is the History state that we’re at now, you really don’t see a difference. There’s a very
subtle difference that you, probably, couldn’t see through the video. But if I start making adjustments to the Reds
and the Yellows, you can quickly see a difference, and I’m going to create a snapshot of the
Black and White adjustments I just made. So this is the Desaturated Image with the Hue/Saturation
Adjustment Layer, and this is the snapshot with the Black & White Adjustment Layer. So,
as you can see, it gives you a whole lot more flexibility. So that’s what we’re going to
use. I’m just going to close that since we won’t be using it anymore and I’m going to
bring the Opacity down. So I’m going to put this somewhere around 75%. You might want
to go lower or higher, depending on your image. Don’t try to match all the settings I give
you because they’re very specific to this image. They might work for your image, but
I would recommend playing around with the settings and seeing what works better for
your image. So, for this image, I’m going to leave my
Opacity at 75%, then I’m going to press Ctrl E, Command E on the Mac, to Merge Down, which
combines the Adjustment Layer and the Layer on to one layer, or you could also go to Layer
Merge Down. Then I’m going to duplicate this layer by pressing Ctrl J, Command J on the
Mac, and I’m going to go into Filter, Other High Pass, and this is going to give me the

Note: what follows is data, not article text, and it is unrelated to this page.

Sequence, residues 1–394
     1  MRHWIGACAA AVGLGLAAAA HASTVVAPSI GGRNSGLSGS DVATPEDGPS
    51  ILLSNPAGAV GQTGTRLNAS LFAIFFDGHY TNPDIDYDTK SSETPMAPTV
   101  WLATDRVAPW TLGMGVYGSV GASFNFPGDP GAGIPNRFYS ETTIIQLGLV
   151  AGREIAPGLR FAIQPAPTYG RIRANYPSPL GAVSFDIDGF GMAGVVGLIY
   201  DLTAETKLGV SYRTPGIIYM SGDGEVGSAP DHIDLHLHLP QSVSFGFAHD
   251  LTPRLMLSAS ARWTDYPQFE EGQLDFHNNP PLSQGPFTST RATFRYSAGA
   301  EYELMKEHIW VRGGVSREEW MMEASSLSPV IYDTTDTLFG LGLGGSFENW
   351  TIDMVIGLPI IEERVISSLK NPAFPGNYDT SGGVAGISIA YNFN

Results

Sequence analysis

High Pass Filter. The settings that you want to use here are all relative to your image.
You’re probably not going to go this high since you want to be somewhere around here,
where you can see the outline and some texture on the skin of your subject. I, also, don’t
want you to go too low, because then, you really can’t see any lines or texture. So,
you have to, sort of, find a nice medium, and, for me, it will be somewhere around 6.1,
so I’m going to press OK. Then, I’m going to go into the Layer Blending
Mode and select Overlay. And, as you can see, this already gave my image a much sharper
look. I’m going to Zoom In so you can see. So this is what it looks like now, and this
is before I added that High Pass filter. So, as you can see, it gives it a whole lot more
contrast. I’m going to Zoom Out just so we can see the entire image, and I’ll do the
before and after here so you can see as well. Then, I’m going to add a new Color Lookup
Adjustment Layer, and I’m going to select Teal OrangePlusContrast, and just bring the
Opacity down. And that, right there, is just going to automatically color my image and